Keita Matsunaga’s works, both functional ware and sculpture, derive from the same process. First, he sketches the geometric form using CAD software. The clay, strongly pressed by the artist against the surface of the plaster mold, extends, curves and forms hemisphere shape shells. The rawness and roughness of clay confront the structured architectural form –the contrast serving to reflect Matsunaga’s originality. His representative series, “Monuke” (meaning “empty shell from molting” in Japanese) comprise of two hemispheres combined, leaving the inside empty. This emptiness conveys lonesomeness and hollowness, while also representing the spiritual state of deliverance.

Akio Niisato’s representative work “Luminescent” consists of vessels created by making perforations in translucent white porcelain, and filling each of the holes with clear glaze before firing. The works which give the impression of emitting light in themselves are conceived through independently developing the Chinese technique of ‘hotarude,’ which enable translucent patterns to emerge when it carries the light, with their luminescent appearance likened to a firefly. In addition to this technique that attempts to explore ways of vessels that transcend contexts of the everyday, in recent years he has engaged in producing works that while rooted in tradition, give form to the natural traces that are born out of the dialogue between the materials and his own body.

William J. O’Brien explores the potential of a diverse range of media including paper, clay, textiles, ceramics, steel, found objects and everyday materials. While O’Brien is best known for his ceramic sculptures, he begins his work by drawing. The colorful geometric patterns in his drawings are made through a process similar to Surrealist automatic writing techniques and evoke various U.S. visual cultures such as those related to psychedelia, op art, abstract expressionist painting, and architecture. The playful ceramic works, which are adorned with bright glazes, refer to a broad range of cultural elements such as ethnography, traditional crafts, poetry, pop and psychedelic cultures, and gay minimalism.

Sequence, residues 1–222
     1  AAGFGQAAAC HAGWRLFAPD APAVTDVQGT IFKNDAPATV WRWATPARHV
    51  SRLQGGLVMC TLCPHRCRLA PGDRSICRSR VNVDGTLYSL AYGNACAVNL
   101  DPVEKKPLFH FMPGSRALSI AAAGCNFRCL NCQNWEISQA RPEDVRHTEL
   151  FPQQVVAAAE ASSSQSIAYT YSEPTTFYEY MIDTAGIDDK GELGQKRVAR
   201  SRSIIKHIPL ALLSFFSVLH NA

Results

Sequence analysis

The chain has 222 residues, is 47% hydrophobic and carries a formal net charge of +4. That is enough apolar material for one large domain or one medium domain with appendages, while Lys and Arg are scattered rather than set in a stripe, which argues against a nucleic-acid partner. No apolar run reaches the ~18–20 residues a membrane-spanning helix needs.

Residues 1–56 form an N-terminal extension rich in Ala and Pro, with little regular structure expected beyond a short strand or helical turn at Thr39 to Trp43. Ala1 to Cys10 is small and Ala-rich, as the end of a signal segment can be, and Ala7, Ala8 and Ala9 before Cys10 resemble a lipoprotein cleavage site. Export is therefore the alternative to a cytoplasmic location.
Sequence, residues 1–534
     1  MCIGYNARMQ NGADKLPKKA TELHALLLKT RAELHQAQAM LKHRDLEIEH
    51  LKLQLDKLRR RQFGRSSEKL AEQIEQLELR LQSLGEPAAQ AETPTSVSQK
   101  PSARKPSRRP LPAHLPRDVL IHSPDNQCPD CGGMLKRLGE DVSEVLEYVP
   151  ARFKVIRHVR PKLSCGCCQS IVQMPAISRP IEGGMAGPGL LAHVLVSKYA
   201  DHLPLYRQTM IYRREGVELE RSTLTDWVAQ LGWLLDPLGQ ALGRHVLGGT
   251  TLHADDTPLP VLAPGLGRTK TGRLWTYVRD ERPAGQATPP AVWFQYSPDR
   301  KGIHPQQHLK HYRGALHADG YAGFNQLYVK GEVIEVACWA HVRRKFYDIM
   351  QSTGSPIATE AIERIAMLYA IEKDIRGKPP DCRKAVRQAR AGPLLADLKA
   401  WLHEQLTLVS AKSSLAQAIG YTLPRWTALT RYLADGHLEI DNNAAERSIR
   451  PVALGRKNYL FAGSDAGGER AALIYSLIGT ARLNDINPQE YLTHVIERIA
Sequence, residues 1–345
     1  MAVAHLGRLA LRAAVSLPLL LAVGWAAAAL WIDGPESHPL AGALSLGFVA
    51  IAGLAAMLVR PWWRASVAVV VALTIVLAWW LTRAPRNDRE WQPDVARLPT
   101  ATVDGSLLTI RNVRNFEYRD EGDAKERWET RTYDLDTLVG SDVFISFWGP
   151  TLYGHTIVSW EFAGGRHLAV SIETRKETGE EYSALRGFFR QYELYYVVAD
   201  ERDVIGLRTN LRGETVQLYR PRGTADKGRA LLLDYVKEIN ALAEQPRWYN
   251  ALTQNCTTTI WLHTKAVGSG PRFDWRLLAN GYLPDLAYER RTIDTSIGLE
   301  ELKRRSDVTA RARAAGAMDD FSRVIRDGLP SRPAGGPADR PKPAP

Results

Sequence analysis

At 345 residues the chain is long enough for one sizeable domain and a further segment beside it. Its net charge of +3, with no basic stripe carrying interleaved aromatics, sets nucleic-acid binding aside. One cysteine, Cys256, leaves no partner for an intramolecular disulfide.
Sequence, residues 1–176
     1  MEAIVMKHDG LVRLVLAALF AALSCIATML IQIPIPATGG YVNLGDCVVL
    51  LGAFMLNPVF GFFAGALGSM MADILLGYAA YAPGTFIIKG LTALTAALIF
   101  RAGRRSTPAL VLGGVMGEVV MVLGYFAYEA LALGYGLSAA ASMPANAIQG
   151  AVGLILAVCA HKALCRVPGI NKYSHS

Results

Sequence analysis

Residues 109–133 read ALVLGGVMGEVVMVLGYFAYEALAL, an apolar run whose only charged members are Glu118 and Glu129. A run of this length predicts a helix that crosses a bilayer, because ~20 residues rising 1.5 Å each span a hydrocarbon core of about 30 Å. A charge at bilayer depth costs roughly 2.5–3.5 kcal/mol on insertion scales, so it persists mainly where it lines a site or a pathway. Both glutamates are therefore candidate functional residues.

Sterling Ruby is an artist who appropriates diverse aesthetic strategies in his practice, from saturated, glossy, poured polyurethane sculptures, to drawings, collages, richly glazed ceramics, graffiti inspired spray paint paintings, and video. His work is a balancing act, maintaining a constant tension between a multitude of elements. Dealing with issues related to the violence and pressures within society and art history, Ruby’s creations also reflect his personal history. In all of his work, he vacillates between the fluid and static, the minimalist and expressionistic, the pristine and the defaced.

Inspired by photos of ancient ruins in South America, Kouzo Takeuchi started creating ceramic sculptures formed of square tubes to express the unique ambience of decayed structures. The unexpected breaking of one work eventually led to the birth of the artist’s renowned “Modern Remains” Series in 2006, in which he engaged in breaking other finished tubes with a hammer to create dynamic beauty and raise new aesthetic values in ceramics. Through methods such as breaking and removing sections of materials before the firing process, Takeuchi persists in searching for the perfect balance between original forms and their deterioration in his experimental geometric works.